Recently, Microsoft quietly pulled its "Can Your Palm Do That?" advertisements after the Federal Trade Commission (FTC) charged the company with deceptive advertising. The ads, which purport to show the benefits of Microsoft's Pocket PC platform when compared to market leader Palm OS, apparently stretched the truth a bit, in that some of the Pocket PC's touted capabilities are actually expensive add-ons, just as they are on most Palm OS-based devices. In one ad, Microsoft suggested that wireless Internet access is available only on the Pocket PC. In fact, it's available on both platforms, at added cost, and one Palm model actually includes the feature out of the box--a feature that isn't offered on any Pocket PC devices. Yesterday, Microsoft had no comment about the charges, but rumors are already circulating that the company intends to settle the case with the FTC.
The revelation comes at a vulnerable time for the company, which is now mounting its antitrust trial appeal; Microsoft is arguing that the company doesn't unfairly leverage its monopoly OS power to illegally gain entry in other markets. Not coincidentally, this week, a Web browser usage study revealed that Internet Explorer (IE) has climbed to record market share; IE is at the center of the antitrust appeal. Microsoft's share of the handheld market isn't so rosy, however, and the company says it's simply trying to bring competition to the market, which will ultimately give consumers more features and lower prices.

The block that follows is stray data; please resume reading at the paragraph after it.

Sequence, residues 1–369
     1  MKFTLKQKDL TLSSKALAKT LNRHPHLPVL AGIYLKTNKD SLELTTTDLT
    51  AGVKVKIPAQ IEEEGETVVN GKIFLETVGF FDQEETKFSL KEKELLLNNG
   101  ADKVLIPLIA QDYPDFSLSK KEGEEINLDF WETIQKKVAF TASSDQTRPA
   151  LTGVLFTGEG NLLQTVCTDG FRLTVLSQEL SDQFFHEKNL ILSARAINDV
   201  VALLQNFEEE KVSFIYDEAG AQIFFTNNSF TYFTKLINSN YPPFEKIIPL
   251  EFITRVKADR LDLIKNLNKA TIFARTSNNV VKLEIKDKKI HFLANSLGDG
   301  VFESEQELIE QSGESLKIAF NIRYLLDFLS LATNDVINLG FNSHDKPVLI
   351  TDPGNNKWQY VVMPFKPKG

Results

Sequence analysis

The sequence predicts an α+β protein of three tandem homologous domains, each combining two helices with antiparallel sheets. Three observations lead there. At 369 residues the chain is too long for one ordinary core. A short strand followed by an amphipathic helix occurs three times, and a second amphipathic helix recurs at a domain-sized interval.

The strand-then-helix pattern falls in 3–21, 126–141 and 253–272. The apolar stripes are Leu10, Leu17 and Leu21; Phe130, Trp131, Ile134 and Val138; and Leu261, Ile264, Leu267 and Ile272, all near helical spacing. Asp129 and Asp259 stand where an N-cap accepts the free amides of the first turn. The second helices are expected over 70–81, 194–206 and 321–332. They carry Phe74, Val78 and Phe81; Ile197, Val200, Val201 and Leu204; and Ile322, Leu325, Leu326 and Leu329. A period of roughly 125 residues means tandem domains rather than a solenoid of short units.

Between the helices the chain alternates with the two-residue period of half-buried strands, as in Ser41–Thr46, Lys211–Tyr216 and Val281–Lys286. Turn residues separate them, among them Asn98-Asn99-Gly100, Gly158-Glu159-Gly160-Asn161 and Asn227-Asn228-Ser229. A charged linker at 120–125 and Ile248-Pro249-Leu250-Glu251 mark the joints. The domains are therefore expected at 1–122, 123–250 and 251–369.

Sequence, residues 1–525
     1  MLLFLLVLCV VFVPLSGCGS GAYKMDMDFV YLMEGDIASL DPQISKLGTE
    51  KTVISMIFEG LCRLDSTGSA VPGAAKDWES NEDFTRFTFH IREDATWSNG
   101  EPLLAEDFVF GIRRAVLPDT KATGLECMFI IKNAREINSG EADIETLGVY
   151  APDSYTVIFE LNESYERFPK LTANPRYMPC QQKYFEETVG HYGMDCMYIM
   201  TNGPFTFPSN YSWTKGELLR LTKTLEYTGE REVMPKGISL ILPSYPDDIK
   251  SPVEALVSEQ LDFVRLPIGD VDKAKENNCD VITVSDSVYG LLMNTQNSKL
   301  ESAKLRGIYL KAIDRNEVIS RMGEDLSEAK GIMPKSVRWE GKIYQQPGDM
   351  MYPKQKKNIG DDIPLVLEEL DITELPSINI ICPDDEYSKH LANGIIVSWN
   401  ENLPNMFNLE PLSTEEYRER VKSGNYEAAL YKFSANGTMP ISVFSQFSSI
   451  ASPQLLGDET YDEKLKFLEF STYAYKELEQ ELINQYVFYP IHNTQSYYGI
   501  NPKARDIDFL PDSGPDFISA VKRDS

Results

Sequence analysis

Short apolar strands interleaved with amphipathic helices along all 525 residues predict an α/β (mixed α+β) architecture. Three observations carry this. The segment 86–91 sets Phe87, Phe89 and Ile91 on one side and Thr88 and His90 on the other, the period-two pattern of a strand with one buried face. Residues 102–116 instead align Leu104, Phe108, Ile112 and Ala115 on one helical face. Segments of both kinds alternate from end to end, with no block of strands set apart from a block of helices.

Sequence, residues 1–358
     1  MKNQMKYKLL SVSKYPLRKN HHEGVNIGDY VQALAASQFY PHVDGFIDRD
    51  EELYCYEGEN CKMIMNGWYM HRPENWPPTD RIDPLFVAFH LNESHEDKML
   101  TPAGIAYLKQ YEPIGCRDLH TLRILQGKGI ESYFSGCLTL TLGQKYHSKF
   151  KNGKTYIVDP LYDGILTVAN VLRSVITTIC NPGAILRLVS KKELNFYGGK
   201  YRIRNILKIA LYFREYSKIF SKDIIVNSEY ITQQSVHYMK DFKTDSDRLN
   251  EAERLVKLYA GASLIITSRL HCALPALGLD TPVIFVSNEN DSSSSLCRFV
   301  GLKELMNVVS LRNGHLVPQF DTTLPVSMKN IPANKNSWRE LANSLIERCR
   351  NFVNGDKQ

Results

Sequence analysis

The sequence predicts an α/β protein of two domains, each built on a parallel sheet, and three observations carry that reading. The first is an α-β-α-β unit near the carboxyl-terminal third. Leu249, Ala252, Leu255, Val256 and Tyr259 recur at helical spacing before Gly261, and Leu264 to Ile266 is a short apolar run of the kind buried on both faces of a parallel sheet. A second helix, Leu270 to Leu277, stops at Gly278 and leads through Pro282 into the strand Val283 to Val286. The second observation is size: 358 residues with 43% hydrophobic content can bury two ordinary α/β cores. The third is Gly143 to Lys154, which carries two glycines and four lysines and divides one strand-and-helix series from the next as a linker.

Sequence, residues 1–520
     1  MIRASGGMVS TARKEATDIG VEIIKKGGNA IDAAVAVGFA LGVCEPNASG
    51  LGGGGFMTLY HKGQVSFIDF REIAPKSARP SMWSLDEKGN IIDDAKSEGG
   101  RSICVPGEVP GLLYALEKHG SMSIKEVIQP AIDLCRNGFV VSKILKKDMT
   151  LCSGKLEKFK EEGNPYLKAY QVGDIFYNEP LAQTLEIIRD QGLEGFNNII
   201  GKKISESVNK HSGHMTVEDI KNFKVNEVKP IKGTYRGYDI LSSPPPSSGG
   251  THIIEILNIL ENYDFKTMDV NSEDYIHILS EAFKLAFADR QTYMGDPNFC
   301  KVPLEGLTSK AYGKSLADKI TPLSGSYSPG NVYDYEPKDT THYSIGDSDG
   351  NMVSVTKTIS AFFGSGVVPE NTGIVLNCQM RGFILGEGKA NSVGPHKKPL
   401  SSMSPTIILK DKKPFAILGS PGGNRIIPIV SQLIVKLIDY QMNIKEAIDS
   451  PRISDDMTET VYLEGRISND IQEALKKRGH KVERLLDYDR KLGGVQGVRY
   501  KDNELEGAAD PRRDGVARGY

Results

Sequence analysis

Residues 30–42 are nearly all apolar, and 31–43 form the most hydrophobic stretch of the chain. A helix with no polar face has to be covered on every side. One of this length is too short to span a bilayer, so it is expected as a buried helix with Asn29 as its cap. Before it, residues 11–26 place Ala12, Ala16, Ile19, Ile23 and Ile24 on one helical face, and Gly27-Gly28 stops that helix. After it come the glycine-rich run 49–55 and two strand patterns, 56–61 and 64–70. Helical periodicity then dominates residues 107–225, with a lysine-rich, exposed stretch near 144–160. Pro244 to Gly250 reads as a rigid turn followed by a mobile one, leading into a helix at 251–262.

In related news, Microsoft recently unleashed its revamped advertising campaign for the Pocket PC, which doesn't mention the Palm OS but does tout wireless Internet capabilities